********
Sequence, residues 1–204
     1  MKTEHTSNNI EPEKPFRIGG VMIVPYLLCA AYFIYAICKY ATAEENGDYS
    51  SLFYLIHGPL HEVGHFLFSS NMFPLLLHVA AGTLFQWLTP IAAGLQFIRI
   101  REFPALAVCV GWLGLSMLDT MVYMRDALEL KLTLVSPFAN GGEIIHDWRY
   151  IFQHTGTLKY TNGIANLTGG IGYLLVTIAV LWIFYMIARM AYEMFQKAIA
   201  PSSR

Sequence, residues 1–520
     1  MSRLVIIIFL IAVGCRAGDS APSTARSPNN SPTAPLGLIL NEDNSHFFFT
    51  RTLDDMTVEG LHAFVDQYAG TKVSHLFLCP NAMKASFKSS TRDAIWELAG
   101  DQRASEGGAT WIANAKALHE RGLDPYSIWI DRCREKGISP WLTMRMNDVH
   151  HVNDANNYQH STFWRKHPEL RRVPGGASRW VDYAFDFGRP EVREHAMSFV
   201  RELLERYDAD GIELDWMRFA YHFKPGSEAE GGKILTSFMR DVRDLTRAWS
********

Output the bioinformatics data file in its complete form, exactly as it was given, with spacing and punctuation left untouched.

Sequence, residues 1–204
     1  MKTEHTSNNI EPEKPFRIGG VMIVPYLLCA AYFIYAICKY ATAEENGDYS
    51  SLFYLIHGPL HEVGHFLFSS NMFPLLLHVA AGTLFQWLTP IAAGLQFIRI
   101  REFPALAVCV GWLGLSMLDT MVYMRDALEL KLTLVSPFAN GGEIIHDWRY
   151  IFQHTGTLKY TNGIANLTGG IGYLLVTIAV LWIFYMIARM AYEMFQKAIA
   201  PSSR

Sequence, residues 1–520
     1  MSRLVIIIFL IAVGCRAGDS APSTARSPNN SPTAPLGLIL NEDNSHFFFT
    51  RTLDDMTVEG LHAFVDQYAG TKVSHLFLCP NAMKASFKSS TRDAIWELAG
   101  DQRASEGGAT WIANAKALHE RGLDPYSIWI DRCREKGISP WLTMRMNDVH
   151  HVNDANNYQH STFWRKHPEL RRVPGGASRW VDYAFDFGRP EVREHAMSFV
   201  RELLERYDAD GIELDWMRFA YHFKPGSEAE GGKILTSFMR DVRDLTRAWS